Whitman Voices

Introduction

Featured Faculty: Professor of Accounting Practice Joyce Zadzilka

Featured Faculty: Professor of Accounting Practice Joyce Zadzilka

JoyceZadzilka_webJoyce Zadzilka wanted to be a math teacher, but she was practical and teaching jobs were scarce. She pursued an accounting degree instead. Being practical paid off, because the experience Zadzilka amassed while working in accounting and finance helped her obtain the teaching position she desired in the first place.

She spent her first three years out of college working in accounting at KPMG in Buffalo, which was followed by graduate school. She earned an MBA with a concentration in finance from Whitman, leading to her employment in Carrier Corporation’s Leadership Associate Program. She traveled to various Carrier locations around the world before settling in at the Carlyle Compressor Division as a financial analyst.

“I enjoyed the work I was doing at Carrier, but I had long been drawn to teaching.” That draw and a classified advertisement in the Post Standard for an accounting professor at Morrisville State College set Zadzilka on the path to her professional calling.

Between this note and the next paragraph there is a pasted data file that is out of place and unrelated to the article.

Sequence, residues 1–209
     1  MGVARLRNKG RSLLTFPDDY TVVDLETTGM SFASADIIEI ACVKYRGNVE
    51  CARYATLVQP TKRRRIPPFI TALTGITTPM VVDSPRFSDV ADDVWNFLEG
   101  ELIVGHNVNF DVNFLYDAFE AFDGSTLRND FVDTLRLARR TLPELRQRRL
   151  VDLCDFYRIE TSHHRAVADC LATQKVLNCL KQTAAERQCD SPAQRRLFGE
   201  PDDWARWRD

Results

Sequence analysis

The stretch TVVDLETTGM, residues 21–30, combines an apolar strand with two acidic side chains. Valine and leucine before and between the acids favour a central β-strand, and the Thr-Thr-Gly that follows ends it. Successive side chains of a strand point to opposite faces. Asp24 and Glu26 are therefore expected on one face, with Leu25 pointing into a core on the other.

She applied for and accepted the position at Morrisville two weeks before the start of the spring semester. For five years, she divvied her time between teaching and analyzing financials part-time at Carrier.

Today, she is happy to be a professor of practice at Whitman. “Without question, it is just as fulfilling as I had imagined it would be,” she shares. “I feel so privileged that my students let me into their lives. My connections with them enrich my life immensely.”

One of Zadzilka’s favorite phrases is “Bloom where you’re planted.” She feels it speaks to giving fully of yourself so you may flourish in any situation. “We should always strive to grow personally and in ways that will help others. For me, it is an honor to be charged with helping to shape the potential of my students into marketable promise.”

Zadzilka believes the mix of professors of practice like herself and tenure track professors is key to helping students develop the skills and knowledge needed for the real world. “It is vital for students to be exposed to professors who are steeped in research and those who are experienced in the practice of the skills we are teaching them.” She regards the roles as complementary. “Both types of faculty members together foster the student’s overall academic development. They may have different approaches, interests and objectives, but when the end goal of a well-prepared future business leader is embraced by both, the student is the obvious winner.”